Is raising venture capital the benchmark of success?

Attracting investor funding is only the beginning of the start-up adventure, not the endgame.

“Those guys are successful, they’ve raised half a million from investors,” one start-up commentator recently told me about a business.

Is raising money the benchmark of business success? Surely getting investors on board is part of the journey, not the destination.

Having some investors coming on board means others share the founders’ belief their idea is a viable business and it’s a great ego boost for those working hard to bring the product to market.

That cash also exponentially improves the survival chances of the business – too many promising ventures fail because the founders haven’t enough capital.

However, investors aren’t buying into your business so you can knock off early and buy an island in the Caribbean, it may well be you’re going to be working harder than ever as you are now accountable to those who’ve taken a stake in your company.

For some businesses that can mean failure as the investors may have different objectives than the founders, and there are plenty of stories of VCs deposing the company’s original people when it appears things aren’t working out – Twitter’s Jack Dorsey and Apple’s Steve Jobs are two of the most famous examples of this.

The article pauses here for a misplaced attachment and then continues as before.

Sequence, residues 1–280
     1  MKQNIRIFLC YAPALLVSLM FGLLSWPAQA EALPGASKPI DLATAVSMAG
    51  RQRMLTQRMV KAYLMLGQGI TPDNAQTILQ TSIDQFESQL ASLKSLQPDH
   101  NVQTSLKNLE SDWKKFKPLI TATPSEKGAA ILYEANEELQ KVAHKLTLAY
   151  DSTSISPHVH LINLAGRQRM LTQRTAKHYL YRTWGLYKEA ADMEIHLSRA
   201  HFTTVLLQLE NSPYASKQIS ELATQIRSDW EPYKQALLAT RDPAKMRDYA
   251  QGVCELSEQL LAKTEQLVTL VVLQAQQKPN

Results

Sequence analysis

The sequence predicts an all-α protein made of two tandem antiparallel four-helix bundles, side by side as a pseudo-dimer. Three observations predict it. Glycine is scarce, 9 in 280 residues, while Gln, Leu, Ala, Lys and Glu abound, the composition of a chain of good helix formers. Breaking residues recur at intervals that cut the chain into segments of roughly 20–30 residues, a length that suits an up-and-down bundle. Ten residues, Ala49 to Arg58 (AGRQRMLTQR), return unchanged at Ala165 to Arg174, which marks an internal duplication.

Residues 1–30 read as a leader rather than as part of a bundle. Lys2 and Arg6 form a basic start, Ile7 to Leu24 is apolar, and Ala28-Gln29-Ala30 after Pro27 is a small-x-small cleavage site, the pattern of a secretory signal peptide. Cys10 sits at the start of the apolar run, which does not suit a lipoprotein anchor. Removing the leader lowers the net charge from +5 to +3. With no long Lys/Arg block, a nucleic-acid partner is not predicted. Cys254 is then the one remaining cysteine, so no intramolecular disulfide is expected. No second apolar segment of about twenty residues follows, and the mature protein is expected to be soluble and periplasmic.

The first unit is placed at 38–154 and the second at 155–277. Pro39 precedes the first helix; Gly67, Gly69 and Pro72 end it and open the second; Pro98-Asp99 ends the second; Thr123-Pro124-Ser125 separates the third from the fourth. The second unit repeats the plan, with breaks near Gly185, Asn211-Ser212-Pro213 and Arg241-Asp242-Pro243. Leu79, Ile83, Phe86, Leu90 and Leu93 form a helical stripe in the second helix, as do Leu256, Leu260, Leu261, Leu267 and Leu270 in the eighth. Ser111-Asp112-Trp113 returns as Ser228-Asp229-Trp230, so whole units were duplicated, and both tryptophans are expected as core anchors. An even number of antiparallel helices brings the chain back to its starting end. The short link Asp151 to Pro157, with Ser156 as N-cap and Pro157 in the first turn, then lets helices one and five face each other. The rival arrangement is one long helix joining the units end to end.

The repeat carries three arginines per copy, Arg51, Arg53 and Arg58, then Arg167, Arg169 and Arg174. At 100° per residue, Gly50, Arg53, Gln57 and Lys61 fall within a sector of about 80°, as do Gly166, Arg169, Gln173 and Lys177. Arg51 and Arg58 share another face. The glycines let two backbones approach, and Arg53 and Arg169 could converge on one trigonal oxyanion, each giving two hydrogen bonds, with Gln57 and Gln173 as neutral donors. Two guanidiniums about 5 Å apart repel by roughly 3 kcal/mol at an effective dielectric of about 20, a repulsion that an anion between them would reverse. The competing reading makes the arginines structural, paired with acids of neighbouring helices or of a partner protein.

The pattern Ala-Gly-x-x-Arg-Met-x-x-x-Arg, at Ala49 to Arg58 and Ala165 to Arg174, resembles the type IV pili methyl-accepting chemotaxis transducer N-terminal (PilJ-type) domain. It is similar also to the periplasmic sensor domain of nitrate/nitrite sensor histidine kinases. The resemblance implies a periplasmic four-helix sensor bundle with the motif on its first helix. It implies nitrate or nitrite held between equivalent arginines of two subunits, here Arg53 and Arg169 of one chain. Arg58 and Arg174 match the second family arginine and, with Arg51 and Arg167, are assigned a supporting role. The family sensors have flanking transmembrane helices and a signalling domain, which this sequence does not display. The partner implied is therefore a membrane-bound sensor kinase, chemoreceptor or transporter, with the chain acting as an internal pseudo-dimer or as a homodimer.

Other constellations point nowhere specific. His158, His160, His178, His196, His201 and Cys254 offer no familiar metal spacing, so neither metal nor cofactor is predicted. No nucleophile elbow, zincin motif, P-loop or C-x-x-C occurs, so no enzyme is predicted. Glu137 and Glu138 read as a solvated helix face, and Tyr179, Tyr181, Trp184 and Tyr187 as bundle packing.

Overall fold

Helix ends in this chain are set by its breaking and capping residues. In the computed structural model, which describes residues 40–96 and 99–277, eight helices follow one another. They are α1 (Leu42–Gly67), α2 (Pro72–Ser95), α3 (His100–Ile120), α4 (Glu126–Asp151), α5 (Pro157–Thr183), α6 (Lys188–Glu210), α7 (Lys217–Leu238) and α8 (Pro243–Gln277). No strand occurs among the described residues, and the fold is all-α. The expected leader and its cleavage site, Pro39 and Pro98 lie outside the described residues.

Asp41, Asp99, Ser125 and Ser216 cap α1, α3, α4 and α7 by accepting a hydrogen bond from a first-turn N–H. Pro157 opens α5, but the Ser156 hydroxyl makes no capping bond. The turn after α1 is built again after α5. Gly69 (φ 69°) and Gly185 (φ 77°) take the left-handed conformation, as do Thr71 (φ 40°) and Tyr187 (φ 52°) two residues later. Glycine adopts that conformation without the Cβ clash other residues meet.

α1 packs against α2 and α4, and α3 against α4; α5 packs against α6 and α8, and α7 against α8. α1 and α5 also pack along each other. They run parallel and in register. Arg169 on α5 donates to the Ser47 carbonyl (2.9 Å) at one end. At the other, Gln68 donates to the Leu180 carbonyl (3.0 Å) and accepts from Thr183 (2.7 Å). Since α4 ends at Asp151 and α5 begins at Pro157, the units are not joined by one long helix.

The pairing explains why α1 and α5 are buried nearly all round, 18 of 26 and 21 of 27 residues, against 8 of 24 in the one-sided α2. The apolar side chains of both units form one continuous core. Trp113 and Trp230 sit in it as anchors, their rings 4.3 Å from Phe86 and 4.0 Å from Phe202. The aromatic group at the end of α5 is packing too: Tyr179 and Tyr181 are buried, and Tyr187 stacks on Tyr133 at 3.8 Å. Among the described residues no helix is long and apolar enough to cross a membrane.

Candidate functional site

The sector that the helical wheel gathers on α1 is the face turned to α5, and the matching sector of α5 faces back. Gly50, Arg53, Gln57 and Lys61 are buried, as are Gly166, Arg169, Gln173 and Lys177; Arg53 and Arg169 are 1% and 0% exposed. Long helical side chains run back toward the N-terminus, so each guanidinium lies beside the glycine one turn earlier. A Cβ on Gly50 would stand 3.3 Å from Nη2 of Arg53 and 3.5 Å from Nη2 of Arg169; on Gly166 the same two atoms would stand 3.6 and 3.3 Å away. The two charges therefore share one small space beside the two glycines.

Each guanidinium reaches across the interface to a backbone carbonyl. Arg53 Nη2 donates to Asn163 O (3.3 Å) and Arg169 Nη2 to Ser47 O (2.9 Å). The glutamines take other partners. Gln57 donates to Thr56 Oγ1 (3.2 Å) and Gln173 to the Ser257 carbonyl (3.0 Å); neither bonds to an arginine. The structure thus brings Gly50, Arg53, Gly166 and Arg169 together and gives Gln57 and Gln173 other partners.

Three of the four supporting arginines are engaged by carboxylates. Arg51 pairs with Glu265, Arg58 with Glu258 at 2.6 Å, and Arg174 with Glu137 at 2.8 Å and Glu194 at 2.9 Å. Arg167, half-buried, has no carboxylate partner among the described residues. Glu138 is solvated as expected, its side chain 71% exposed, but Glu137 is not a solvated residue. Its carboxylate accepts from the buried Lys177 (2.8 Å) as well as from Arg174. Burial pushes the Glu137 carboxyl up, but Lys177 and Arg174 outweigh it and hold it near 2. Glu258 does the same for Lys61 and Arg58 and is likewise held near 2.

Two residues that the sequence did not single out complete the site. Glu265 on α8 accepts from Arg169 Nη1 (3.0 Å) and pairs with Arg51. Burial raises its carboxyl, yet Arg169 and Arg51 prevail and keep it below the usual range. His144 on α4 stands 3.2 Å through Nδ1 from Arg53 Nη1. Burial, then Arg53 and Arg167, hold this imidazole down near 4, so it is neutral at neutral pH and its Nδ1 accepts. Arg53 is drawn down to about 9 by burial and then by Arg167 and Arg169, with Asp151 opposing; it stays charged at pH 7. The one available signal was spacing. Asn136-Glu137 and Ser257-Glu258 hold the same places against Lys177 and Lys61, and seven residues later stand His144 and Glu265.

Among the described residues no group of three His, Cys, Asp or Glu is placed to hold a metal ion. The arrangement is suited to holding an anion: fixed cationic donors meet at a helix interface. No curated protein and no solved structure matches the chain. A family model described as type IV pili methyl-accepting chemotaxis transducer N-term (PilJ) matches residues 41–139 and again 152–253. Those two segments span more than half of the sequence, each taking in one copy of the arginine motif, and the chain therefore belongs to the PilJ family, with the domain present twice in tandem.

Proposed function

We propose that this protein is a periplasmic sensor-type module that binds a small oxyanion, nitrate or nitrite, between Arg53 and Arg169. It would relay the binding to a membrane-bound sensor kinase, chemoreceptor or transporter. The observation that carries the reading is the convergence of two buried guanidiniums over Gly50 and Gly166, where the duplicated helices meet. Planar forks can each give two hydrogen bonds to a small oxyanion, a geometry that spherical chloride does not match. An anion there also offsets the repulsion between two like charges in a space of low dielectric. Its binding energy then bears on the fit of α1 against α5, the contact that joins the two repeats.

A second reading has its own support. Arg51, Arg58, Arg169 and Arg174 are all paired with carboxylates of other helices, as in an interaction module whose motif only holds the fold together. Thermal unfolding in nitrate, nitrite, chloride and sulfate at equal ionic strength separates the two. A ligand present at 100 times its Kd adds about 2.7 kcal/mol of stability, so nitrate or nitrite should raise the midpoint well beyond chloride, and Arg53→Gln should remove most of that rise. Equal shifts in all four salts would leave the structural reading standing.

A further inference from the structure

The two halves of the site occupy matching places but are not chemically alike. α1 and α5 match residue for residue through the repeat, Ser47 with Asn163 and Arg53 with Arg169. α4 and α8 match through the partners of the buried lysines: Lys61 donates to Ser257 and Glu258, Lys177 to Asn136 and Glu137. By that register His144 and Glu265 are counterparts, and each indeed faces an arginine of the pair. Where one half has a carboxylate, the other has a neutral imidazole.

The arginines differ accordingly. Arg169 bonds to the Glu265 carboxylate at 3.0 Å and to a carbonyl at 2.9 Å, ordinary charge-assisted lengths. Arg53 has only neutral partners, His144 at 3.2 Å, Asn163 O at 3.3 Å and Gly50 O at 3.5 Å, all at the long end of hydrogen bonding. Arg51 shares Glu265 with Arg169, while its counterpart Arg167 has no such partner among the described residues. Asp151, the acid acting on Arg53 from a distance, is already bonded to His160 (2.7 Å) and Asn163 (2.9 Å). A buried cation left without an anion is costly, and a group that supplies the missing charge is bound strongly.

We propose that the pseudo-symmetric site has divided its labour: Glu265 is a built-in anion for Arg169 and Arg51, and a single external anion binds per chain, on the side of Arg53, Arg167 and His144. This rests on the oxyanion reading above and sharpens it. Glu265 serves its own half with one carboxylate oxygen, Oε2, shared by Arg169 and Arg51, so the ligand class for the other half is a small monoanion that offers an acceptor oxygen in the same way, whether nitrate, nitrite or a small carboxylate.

While it’s an important milestone in the growth of a business, raising capital is not the end game. Only minds addled by the Silicon Valley kool-aid believe that.

In fact, if you’ve set up a business because you hated working for a boss, you might find your new investors are the toughest taskmasters you’ve ever worked for.
Getting venture capital is another stage of a company’s growth, but it isn’t the end game.

Paul Wallbank‘s latest book, eBu$iness, Seven Steps to Online Success, shows how business can get online quickly and cost effectively using web 2.0, cloud computing, social media and e-commerce tools.

 

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